How to Change a Front Sprocket on Motorcycle

Reviewed by Ernest
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Hi. In this article I’ll show how to change the front sprocket on a motorcycle. I will be using my Honda CB500X as an example.

Tools you will need for this job are:

  • Torque wrench.
  • 8 mm and 14 mm sockets.
  • 10 and 12mm wrenches.
  • New Sprocket compatible with your bike model.
  • Kerosene, Brake Cleaner or any other degreaser.
  • Cleaning brush.
  • Spline grease (optional).
  • Gloves (optional).

Based on your bike model, you may need slightly different socket and wrench sizes but most bikes are using similar bolt sizes for these parts.

#1 Get Access to the Sprocket

First of all we need to get access to the front sprocket. Start by removing the gear shift lever and plastic cover. I prefer unscrewing the gear shift lever from the bottom and moving it out of the way.

When gear shift lever is out of the way. We can unbolt the plastic cover by removing 2 bolts. One bolt is at the top and the other is at the bottom of plastic cover. Once these bolts are removed – wiggle plastic cover out and unplug the retainer clip that secures the side stand sensor.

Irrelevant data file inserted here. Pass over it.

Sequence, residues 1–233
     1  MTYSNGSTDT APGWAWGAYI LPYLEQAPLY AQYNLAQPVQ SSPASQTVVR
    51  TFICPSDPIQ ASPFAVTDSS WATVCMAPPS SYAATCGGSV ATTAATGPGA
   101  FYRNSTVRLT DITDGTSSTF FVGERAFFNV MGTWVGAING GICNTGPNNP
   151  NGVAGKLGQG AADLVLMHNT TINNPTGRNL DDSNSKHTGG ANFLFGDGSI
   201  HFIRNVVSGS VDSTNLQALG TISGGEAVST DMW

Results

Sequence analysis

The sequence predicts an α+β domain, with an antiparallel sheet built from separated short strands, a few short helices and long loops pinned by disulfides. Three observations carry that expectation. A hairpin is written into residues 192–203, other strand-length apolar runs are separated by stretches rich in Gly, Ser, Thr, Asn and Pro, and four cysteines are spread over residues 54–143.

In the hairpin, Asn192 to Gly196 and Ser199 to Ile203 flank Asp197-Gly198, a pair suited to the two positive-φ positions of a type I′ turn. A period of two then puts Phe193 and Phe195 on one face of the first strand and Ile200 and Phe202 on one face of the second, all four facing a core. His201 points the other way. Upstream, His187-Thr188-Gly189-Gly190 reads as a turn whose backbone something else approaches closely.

Note that there is typically a significant amount of dirt on the inside of the cover and near the front sprocket. For skin protection, it’s advisable to wear gloves while working in these areas.

#2 Remove the Old Sprocket

To remove the front sprocket, first, place your bike in first gear. This action should provide enough resistance for most models, like the Honda CB500X, where the drive sprocket bolt is torqued to 54 Nm. Use a wrench counter clockwise to loosen the 14mm bolt.

If you encounter resistance, such as the engine spinning or the bike moving without the bolt loosening, try lying over the bike seat, chest down. Use your right hand to apply the rear brake and your left hand to pull the wrench. This extra leverage and braking force can help. Alternatively, you can ask someone to assist by pressing the rear brake while you focus on loosening the bolt.

After you’ve successfully loosened the bolt, remove it completely. Then, gently wiggle the front sprocket to free it from the drive shaft splines. Once it’s loose, you can easily take it out.